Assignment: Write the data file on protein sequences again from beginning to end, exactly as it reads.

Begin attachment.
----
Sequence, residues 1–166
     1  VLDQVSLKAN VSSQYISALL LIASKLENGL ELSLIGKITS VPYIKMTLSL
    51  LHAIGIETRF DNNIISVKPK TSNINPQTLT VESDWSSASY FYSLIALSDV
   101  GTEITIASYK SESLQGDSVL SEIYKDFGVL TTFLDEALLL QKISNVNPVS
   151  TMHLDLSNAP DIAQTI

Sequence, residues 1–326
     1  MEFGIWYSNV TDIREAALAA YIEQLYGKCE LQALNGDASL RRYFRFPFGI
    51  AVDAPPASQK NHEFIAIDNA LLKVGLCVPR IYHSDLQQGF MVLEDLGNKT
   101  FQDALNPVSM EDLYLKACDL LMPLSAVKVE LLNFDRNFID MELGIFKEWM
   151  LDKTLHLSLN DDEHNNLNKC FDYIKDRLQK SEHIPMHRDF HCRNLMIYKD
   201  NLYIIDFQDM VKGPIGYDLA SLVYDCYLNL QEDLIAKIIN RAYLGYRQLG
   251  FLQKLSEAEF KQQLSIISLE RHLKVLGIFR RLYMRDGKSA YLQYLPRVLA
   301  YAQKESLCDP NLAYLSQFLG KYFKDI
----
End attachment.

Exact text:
Sequence, residues 1–166
     1  VLDQVSLKAN VSSQYISALL LIASKLENGL ELSLIGKITS VPYIKMTLSL
    51  LHAIGIETRF DNNIISVKPK TSNINPQTLT VESDWSSASY FYSLIALSDV
   101  GTEITIASYK SESLQGDSVL SEIYKDFGVL TTFLDEALLL QKISNVNPVS
   151  TMHLDLSNAP DIAQTI

Sequence, residues 1–326
     1  MEFGIWYSNV TDIREAALAA YIEQLYGKCE LQALNGDASL RRYFRFPFGI
    51  AVDAPPASQK NHEFIAIDNA LLKVGLCVPR IYHSDLQQGF MVLEDLGNKT
   101  FQDALNPVSM EDLYLKACDL LMPLSAVKVE LLNFDRNFID MELGIFKEWM
   151  LDKTLHLSLN DDEHNNLNKC FDYIKDRLQK SEHIPMHRDF HCRNLMIYKD
   201  NLYIIDFQDM VKGPIGYDLA SLVYDCYLNL QEDLIAKIIN RAYLGYRQLG
   251  FLQKLSEAEF KQQLSIISLE RHLKVLGIFR RLYMRDGKSA YLQYLPRVLA
   301  YAQKESLCDP NLAYLSQFLG KYFKDI